Journalists and the Labour Process: White-Collar Production Workers

  • David Murphy
Part of the Studies in the Labour Process book series (SLP)

Abstract

This paper is concerned with the empirical study of how three groups of workers attempted to gain control over the organisation of and rewards from their own labour. By examining their experiences it may be possible to show how, even without bureaucratic or other management constraints, workers’ choices are still limited by the markets for the goods and services they produce as well as for their labour, and that by organising together in co-operative enterprises they do not escape the contradictory tendencies towards individualism as a form of motivation and social co-operation as a necessary precondition for organised production. In attempting to answer why this is the case we are obliged to examine the plight of any co-operative organisation or similar attempt at collective worker autonomy in the context of a monopolistic market economy.

Keywords

Rubber Income Marketing Expense Smoke 

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Notes and References

  1. 1.
    See Harry Christian, ‘Journalist’, Occupational ideologies and Press Commercialisation’, in Sociological Review Monograph 29, The Sociology of Journalism and the Press, Harry Christian (ed.), University of Keele (1980) pp. 259–306.Google Scholar
  2. 2.
    Aleksander Matejko, ‘Newspaper Staff as a Social System’, in Media Sociology, Jeremy Tunstall (ed.) Constable (1970) pp. 168–181 (reprinted from The Polish Sociological Bulletin, 1 (1967) pp. 58–68;Google Scholar
  3. David Manning White ‘The Gatekeeper’: A Case Study in the Selection of News’, in People, Society and Mass Communication, Lewis A. Dexter and David Manning White (eds), New York Free Press (1963) p. 160–73;Google Scholar
  4. Harvey Molotch and Marylin Lester, ‘News as Purposive Behavior, On the Strategic Use of Routine Events, Accidents and Scandals’, American Sociological Review, 39:1 (1973) pp. 101–112;CrossRefGoogle Scholar
  5. Gaye Tuckman, ‘Making News by Doing Work’, American Journal of Sociology, 79:1 (1973) pp. 111–131;Google Scholar
  6. Lee Sigelman, ‘Reporting the News, An Organisational Analysis’ American Journal of Sociology, 79:1 (1973) pp. 132–151.CrossRefGoogle Scholar
  7. 5.
    Stuart Hall, ‘Deviance, Politics and the Mass Media’, in Deviance and Social Control Paul Rock and Mary Mcintosh (eds) Tavistock (1974) pp. 261–307; andGoogle Scholar
  8. The rediscovery of ideology: return of the repressed in media studies’, also by Hall in Culture, Society and Media, Michael Gurevitch et al. (eds), Methuen (1982) pp. 56–90.Google Scholar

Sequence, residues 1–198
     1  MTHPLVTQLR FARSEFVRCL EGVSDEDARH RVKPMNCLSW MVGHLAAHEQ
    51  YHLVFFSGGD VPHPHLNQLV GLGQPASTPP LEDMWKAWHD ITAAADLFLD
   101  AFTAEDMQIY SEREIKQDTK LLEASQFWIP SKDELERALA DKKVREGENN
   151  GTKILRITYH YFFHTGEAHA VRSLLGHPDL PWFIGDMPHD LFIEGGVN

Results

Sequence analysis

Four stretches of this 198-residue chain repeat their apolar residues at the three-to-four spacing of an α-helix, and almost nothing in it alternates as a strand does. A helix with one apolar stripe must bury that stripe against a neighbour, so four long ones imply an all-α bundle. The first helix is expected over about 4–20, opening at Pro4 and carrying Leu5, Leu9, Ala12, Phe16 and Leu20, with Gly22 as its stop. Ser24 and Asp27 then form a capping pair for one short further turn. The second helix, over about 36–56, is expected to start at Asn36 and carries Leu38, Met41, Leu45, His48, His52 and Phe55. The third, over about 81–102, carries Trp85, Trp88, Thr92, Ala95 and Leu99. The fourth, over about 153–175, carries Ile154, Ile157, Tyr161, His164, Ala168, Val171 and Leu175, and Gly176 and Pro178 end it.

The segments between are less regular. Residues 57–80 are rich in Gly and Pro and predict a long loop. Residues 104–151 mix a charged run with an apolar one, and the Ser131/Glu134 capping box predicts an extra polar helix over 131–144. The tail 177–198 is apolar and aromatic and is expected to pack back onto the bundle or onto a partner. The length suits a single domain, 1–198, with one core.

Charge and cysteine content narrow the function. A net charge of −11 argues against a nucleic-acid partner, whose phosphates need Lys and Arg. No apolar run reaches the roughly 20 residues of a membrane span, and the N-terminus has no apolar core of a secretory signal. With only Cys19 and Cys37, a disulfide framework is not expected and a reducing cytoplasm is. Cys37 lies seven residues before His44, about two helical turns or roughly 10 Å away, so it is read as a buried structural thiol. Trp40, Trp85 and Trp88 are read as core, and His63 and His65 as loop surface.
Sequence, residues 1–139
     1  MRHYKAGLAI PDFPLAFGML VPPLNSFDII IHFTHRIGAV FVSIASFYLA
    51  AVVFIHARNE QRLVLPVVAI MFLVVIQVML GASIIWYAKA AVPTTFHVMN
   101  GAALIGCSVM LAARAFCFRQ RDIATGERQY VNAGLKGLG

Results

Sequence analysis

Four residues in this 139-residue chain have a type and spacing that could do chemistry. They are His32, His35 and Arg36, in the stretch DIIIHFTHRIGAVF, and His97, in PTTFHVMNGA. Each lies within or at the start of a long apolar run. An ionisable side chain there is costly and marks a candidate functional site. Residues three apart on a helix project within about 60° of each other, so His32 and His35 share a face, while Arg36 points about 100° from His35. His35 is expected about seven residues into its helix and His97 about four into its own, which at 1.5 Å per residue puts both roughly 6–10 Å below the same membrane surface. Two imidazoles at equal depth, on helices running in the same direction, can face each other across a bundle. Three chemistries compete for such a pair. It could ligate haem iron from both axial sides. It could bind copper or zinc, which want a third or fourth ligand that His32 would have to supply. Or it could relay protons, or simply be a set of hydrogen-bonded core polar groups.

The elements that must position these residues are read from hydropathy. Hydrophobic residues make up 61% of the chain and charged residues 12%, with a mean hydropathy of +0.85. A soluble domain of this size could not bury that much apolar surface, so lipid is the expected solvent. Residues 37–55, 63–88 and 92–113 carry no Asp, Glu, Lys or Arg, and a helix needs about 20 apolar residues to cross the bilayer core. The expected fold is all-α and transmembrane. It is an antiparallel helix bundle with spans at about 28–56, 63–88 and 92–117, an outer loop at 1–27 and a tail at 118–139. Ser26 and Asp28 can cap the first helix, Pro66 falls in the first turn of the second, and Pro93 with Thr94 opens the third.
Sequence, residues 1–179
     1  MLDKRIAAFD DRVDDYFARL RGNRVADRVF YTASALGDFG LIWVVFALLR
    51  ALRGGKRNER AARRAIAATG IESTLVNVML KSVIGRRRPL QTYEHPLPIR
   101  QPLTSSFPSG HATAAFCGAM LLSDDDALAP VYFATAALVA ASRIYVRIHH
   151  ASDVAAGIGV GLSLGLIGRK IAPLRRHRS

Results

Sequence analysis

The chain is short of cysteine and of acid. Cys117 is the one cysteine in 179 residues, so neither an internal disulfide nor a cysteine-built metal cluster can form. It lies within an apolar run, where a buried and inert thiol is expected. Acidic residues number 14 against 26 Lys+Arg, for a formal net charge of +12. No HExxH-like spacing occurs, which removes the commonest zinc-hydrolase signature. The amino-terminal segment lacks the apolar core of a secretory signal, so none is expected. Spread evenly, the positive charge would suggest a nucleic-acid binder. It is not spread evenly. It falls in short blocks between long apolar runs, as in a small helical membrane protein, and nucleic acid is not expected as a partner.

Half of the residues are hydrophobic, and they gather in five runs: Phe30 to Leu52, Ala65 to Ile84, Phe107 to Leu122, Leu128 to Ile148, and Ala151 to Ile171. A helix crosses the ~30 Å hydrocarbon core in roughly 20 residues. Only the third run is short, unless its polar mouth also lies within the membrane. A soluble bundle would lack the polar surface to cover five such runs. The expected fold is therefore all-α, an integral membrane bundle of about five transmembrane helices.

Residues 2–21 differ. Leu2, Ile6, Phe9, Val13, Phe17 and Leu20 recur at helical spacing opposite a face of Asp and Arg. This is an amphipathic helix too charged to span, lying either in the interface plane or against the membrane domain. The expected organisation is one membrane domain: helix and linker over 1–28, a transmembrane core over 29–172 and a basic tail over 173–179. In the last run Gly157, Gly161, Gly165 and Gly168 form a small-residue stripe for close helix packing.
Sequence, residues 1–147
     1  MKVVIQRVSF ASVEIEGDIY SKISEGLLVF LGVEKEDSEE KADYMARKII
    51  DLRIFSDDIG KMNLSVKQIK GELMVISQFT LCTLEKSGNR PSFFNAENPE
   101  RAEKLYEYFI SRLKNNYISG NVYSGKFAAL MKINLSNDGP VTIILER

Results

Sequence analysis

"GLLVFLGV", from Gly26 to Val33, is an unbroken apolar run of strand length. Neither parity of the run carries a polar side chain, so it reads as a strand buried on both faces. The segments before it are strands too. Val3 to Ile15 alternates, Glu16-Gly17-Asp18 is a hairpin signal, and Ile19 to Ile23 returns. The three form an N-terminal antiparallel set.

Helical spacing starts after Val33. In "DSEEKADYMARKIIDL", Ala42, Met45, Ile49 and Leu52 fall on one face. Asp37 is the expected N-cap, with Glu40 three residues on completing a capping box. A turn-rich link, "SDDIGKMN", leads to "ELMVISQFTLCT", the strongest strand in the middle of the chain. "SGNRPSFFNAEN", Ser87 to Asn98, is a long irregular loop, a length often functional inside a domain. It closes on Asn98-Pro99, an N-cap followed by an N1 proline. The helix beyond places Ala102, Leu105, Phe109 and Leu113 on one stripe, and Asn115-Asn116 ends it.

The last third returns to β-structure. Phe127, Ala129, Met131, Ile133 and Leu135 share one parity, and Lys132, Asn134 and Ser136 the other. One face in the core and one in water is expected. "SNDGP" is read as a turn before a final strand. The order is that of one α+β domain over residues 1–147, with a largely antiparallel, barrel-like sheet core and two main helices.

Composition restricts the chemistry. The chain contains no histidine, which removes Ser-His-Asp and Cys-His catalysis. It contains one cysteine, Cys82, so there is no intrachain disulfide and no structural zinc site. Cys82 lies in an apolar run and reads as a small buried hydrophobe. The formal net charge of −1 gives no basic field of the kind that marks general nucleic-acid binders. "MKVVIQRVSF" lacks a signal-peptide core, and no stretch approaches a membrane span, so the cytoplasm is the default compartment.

9. 7.
    Louis Althusser ‘Ideology and Ideological State Apparatuses’ in Lenin and Philosophy and other Essays, New Left Books (1971).Google Scholar
  10. 9.
    For instance, Stuart Hall and T. Jefferson (eds), Resistance Through Rituals, Hutchinson (1975) andGoogle Scholar
  11. Hall et al. (eds), Culture, Media Language, Hutchinson (1980) among many other worksGoogle Scholar
  12. 10.
    See Gaye Tuckman et al. (eds) Hearth and Home: Images of Women in the Mass Media, Oxford University Press (1980)Google Scholar
  13. T. Milium, Images of Women, Chatto and Windus (1975)Google Scholar
  14. H. Baker, Women and the Media, Pergammon (1980)Google Scholar
  15. 11.
    Guy Cumberbatch, Robin McGregor and John Brown, Television and the Miners’ Strike, Broadcasting Research Unit (1986).Google Scholar
  16. 13.
    This is well documented in an as yet unpublished MA thesis by a former Daily Star journalist, Susan Bromley, News Goes to Market: A Case Study of the Star, University of Wales, Cardiff, 1988.Google Scholar
  17. A similar state of affairs is revealed in D. Simpson, Commercialisation of the Regional Press, Gower, 1981.Google Scholar
  18. 15.
    Harry Braverman, Labor and Monopoly Capitalism, New York Monthly Review Press (1974).Google Scholar
  19. 16.
    The account of the lobby system given by Jeremy Tunstall in The Westminster Lobby Correspondents, Routledge and Kegan Paul (1970) shows this group of journalists in a role similar to that of the traditional manual craftsman: that is he has control over the execution of his work but not with its direction in that the nature of content is circumscribed by social and political conventions embedded in the institutions on which they supposedly report.Google Scholar
  20. 18.
    D. Knights and H. Wilmott (eds) Managing the Labour Process, Gower (1986), p. 7.Google Scholar

Copyright information

© Chris Smith, David Knights and Hugh Willmott 1991

Authors and Affiliations

  • David Murphy

There are no affiliations available

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